Chicago to Springfield:: Crime and Politics in the 1920s by Jim Ridings

By Jim Ridings

The tale of Chicago gangsters within the Nineteen Twenties is known. much less spoke of is the story of the politicians who allowed these gangsters to thrive. in the course of the heyday of equipped crime within the Prohibition period, Chicago mayor "Big invoice" Thompson and Gov. Len Small have been the 2 strongest political figures in Illinois. Thompson campaigned on making Chicago "a huge open city" for bootleggers. Small bought hundreds of thousands of pardons and paroles to criminals, embezzled $1 million, and was once then acquitted after mobsters bribed the jury. This publication is the tale of these Jazz Age politicians whose careers in govt thrived on and recommended corruption and racketeering, from Chicago to Springfield. It enhances writer Jim Ridings's groundbreaking biography, Len Small: Governors and Gangsters, which used to be praised through critics and positioned Ridings as a trailblazer between Chicago crime authors.

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Joseph Fifer, governor of Illinois from 1889 to 1893, was one of several lawyers representing the governor in 1921. Small’s team of lawyers refused to allow Small to be arrested and advised him to evade the sheriff. They argued that for the judiciary to arrest an executive was a violation of the separation of powers. ) Former congressman James Graham also was on Small’s legal team. He and Fifer argued in court that as governor, Len Small was above the law. Graham cited an old English doctrine that “the king can do no wrong,” meaning the government could not commit a legal crime and thus should be given immunity to prosecution.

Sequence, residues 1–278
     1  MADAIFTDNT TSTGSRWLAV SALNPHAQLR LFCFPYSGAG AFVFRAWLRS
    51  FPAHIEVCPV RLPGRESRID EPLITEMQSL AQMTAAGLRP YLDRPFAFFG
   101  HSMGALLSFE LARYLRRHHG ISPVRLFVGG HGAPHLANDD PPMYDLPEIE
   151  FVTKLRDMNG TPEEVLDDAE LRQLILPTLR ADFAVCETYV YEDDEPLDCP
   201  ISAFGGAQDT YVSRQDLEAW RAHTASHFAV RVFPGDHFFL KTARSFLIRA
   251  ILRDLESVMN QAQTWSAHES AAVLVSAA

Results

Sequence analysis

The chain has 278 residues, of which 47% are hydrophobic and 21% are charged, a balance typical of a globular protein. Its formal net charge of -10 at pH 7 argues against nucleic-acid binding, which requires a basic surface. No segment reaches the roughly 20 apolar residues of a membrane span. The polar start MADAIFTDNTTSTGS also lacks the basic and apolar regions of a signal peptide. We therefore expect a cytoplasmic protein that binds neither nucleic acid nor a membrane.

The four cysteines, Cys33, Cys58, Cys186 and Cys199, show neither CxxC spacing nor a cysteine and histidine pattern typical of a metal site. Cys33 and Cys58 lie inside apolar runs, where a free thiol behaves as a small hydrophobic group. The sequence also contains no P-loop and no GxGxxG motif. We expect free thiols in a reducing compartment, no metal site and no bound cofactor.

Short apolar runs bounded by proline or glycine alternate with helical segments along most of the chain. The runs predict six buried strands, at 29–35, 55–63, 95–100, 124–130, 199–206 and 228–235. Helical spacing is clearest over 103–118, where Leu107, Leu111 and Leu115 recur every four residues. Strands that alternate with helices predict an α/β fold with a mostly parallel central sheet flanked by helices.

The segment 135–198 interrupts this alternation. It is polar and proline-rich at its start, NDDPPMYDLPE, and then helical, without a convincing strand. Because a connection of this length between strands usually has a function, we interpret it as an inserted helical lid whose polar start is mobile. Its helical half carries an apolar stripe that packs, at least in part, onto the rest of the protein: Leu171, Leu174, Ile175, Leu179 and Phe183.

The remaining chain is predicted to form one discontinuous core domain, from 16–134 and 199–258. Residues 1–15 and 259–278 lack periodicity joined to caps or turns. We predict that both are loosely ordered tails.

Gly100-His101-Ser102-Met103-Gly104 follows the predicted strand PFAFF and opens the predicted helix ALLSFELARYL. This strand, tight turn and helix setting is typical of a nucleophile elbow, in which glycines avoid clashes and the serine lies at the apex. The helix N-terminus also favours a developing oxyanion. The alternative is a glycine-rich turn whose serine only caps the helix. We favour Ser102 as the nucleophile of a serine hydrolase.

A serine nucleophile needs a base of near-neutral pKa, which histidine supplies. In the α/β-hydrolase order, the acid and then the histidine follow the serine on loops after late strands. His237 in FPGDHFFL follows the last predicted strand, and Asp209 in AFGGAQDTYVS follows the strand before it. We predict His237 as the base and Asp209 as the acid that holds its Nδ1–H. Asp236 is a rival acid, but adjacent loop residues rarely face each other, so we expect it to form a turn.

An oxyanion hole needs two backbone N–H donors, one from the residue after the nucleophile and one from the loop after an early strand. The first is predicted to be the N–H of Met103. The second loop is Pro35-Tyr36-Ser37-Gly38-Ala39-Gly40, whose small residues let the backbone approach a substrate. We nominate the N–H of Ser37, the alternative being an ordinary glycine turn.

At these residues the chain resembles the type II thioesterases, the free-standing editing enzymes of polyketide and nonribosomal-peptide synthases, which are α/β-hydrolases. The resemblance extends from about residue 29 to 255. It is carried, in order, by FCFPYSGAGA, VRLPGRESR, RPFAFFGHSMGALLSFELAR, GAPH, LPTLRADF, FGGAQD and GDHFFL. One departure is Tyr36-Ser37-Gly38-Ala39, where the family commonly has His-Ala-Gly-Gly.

She had a stroke and slipped into unconsciousness. She never woke up, and she died on Monday morning. She was buried in the family plot in Mound Grove Cemetery in Kankakee. ) After the trial, eight jurors received state jobs. An investigation showed that gangsters intimidated and paid jurors. Chicago gangsters Eddie Kaufman and Eddie Courtney and juror John Fields went on trial; they were acquitted. Mobster and union boss “Umbrella Mike” Boyle (seen here) and hoodlum Ben Newmark (below) were called to testify about jury tampering.

Carlos Black (above). But Governor Small did not send National Guard troops, as he was on trial for embezzlement at the time. Two days after the Herrin massacre, the jury found Governor Small not guilty. ) When the Ku Klux Klan took over parts of southern Illinois, local officials asked Small for National Guard troops. ” It was taken as carte blanche by the Klan to do as it pleased. The reign of terror by Klansmen vigilantes brought beatings, gun battles, and two dozen murders. Also terrorizing southern Illinois were gangs led by Charlie Birger and the Shelton brothers, which mirrored the vice and violence of gangs in Chicago.

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